Pricing and Name Awareness

 
March 2, 2010 | by Dale Furtwengler

 

Creating Name Awareness
Can you use pricing to create name awareness
You can, but it may not be how you want to be known.
Break the bonds of industry pricing!
Get compensated well for the value you provide.
One of the more common reasons I hear for using a low-price strategy is that “we don’t have the name awareness the big boys have.”  Typically this reasoning is used by organizations in their first three years of existence or by established companies entering a new market.  Is it sound reasoning?
Here’s the approach I used with a homebuilder who was using low prices to create name awareness.  First, let me give you a little background information.  This homebuilder was adamant, and rightfully so, that his quality was better than the big boys.  
I asked him whether he advertised in the real estate section of the newspaper.  He did.  Then I asked him to envision that he and two well-known, well-respected builders had subdivisions in the same area with the same style homes of comparable size and amenities.  Finally, I asked him to envision that his and his two competitors’ ads appeared side by side and his price was 10% lower than his competitors (it was).
My question to him was “If you were the buyer and saw these ads, what would you think about your homes?”  He said, “I think we were taking short cuts to keep costs down - that our quality was inferior.”  Indeed, the message this homebuilder was sending was exactly the opposite of what he believed.  
It’s counter-intuitive, but name awareness should be created by your marketing efforts and supported by your pricing.  Whether you’re touting high quality, quick delivery, innovative ideas, image or productivity make sure that your price supports your marketing claim script type="> s/advanced/langs/en.js" type="text/javascript"> s.
Incongruity between your marketing claims and your price lea ves buyers in a quandary.  Do they believe your marketing claims or the price?  Which would you believe?  Given our natural skepticism toward what others tell us, especially if they’re trying to sell us something, we’re going to believe the price.
This homebuilder was struggling to generate sales and profits because he was sending conflicting messages to the market.  Are you?  If not, congratulations!  You’re ahead of many businesses out there.  If you are, now you have a more effective approach to emplC

Can you use pricing to create name awareness?

You can, but it may not be how you want to be known.

One of the more common reasons I hear for using a low-price strategy is that “we don’t have the name awareness the big boys have.”  Typically this reasoning is used by organizations in their first three years of existence or by established companies entering a new market.  Is it sound reasoning?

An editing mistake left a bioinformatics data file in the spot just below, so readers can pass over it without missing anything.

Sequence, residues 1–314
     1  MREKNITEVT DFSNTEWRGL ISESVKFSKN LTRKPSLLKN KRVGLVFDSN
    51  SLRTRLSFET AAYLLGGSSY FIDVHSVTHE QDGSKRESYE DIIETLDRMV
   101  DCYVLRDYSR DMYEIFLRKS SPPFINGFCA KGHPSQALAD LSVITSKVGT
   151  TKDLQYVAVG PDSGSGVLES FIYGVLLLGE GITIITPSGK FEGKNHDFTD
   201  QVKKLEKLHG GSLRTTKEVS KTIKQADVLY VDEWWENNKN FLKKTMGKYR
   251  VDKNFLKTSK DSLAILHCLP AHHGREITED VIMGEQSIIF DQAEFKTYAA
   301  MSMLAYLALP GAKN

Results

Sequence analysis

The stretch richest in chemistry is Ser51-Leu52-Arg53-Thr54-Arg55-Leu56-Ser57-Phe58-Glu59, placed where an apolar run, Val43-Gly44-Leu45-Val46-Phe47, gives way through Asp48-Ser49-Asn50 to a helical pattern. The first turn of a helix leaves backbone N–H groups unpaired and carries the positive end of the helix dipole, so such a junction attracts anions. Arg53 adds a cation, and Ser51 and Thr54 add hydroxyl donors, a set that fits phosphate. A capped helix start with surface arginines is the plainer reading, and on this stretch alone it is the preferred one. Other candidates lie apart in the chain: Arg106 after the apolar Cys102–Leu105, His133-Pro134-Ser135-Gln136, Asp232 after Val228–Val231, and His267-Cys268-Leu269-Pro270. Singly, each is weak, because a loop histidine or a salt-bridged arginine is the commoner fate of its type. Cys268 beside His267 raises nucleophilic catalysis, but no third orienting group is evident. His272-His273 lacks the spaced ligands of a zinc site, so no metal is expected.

Here’s the approach I used with a homebuilder who was using low prices to create name awareness.  First, let me give you a little background information.  This homebuilder was adamant, and rightfully so, that his quality was better than the big boys.  

I asked him whether he advertised in the real estate section of the newspaper.  He did.  Then I asked him to envision that he and two well-known, well-respected builders had subdivisions in the same area with the same style homes of comparable size and amenities.  Finally, I asked him to envision that his and his two competitors’ ads appeared side by side and his price was 10% lower than his competitors (it was).

My question to him was “If you were the buyer and saw these ads, what would you think about your homes?”  He said, “I think we were taking short cuts to keep costs down - that our quality was inferior.”  Indeed, the message this homebuilder was sending was exactly the opposite of what he believed.  

It’s counter-intuitive, but name awareness should be created by your marketing efforts and supported by your pricing.  Whether you’re touting high quality, quick delivery, innovative ideas, image or productivity make sure that your price supports your marketing claims.

Incongruity between your marketing claims and your price leaves buyers in a quandary.  Do they believe your marketing claims or the price?  Which would you believe?  Given our natural skepticism toward what others tell us, especially if they’re trying to sell us something, we’re going to believe the price.

This homebuilder was struggling to generate sales and profits because he was sending conflicting messages to the market.  Are you?  If not, congratulations! You’re ahead of many businesses out there.  If you are, now you have a more effective approach to employ.

For more pricing tips visit http://www.pricingforprofitbook.com.


Topics: Customer Experience , Marketing , Psychology


Dale Furtwengler / Dale Furtwengler is a professional speaker, author and business consultant. His latest book, "Pricing for Profit," is dedicated to helping organizations break the bonds of industry pricing.
www View Dale Furtwengler's profile on LinkedIn

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